SPECIAL FROM BetterAfter50
There are many women over 50 looking to transition into work from being at home or to change career paths. Non-profits are getting terrific attention these days as an ideal "go to" work sector where women can combine professional skills and a passion for a social concern with the bonus of giving back. But how hard is it to find a position these days in the non-profit sector? I decided to ask a Pro, Jack Lusk, the Managing Partner of Harris Rand Lusk, a boutique executive search firm in New York CIty.
Q. So Jack, You run an Executive Search Firm that works with non-profit agencies seeking to fill leadership positions such as Executive Directors and Chief Administrative and Program Officers as well as the all-important top fundraisers. What is your experience in helping women over 50 find work?
A. We are often in a position where candidates who are over 50 come in to meet with us and seem uniformly concerned about their employability. At some point in every interview they verbalize the unspoken question --- "Will employers be interested in me?"
Q. What types of positions are we talking about?
A. Executive Directors, Chief Administrative and Operating Officers and Development Directors.
Q. What kind of background do they need to have?
A. Typically they are coming to us from other leadership positions and often have been fixtures in the non-profit community.
Q. What if someone hasn't had previous experience in the non-profit community?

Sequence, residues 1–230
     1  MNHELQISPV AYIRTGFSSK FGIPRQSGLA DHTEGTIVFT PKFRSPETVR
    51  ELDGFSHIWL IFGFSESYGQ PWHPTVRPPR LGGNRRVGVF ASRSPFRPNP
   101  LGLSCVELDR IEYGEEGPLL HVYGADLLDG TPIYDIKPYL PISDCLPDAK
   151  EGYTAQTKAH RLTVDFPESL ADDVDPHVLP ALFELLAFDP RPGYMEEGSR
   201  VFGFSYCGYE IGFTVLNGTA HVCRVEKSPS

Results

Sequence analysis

A. Leadership is a precious commodity. Also, I always ask if they have served on boards or have had other volunteer experience that gives them an understanding of how a non-profit functions.
Q. You mean that if they have been volunteering for the past five to ten years on boards they may be a candidate for a paid position as an Executive Director or senior staffer or for positive employment?
A. Yes, if they've shown the commitment and they know the language, there's no reason why they shouldn't be reasonable candidates.
Q. Can you give me a specific example?
A. The question I ask people is whether they have the energy to engage and manage at a high level. That is the only question that is relevant if they are qualified.
Q. Let's talk about qualified.
A. An expertise in the arena we have been contracted to do a search in or a background in writing, legal work, financial work, fund raising, and/or management [is how I'd define qualified]. Other specific skills that a non-profit may be looking for are: technology, HR, project or program management and especially sensitivity to mission.
Q. How do candidates find out about these job openings?
A. There are a number of Internet posting sites including www.idealist.com,
www.chronicleofphilanthropy.org and sometimes www.execunet.com.
Most search firms and non-profits post on their websites exactly what searches they are working on.
Q. How do you know who those search firms are?
A. There are five to ten sizeable search firms in this arena in the Northeast: Isaacson & Miller is based in Boston and Philips Oppenheim is based in New York. The big firms, including Korn Ferry, do a lot of non-profit work.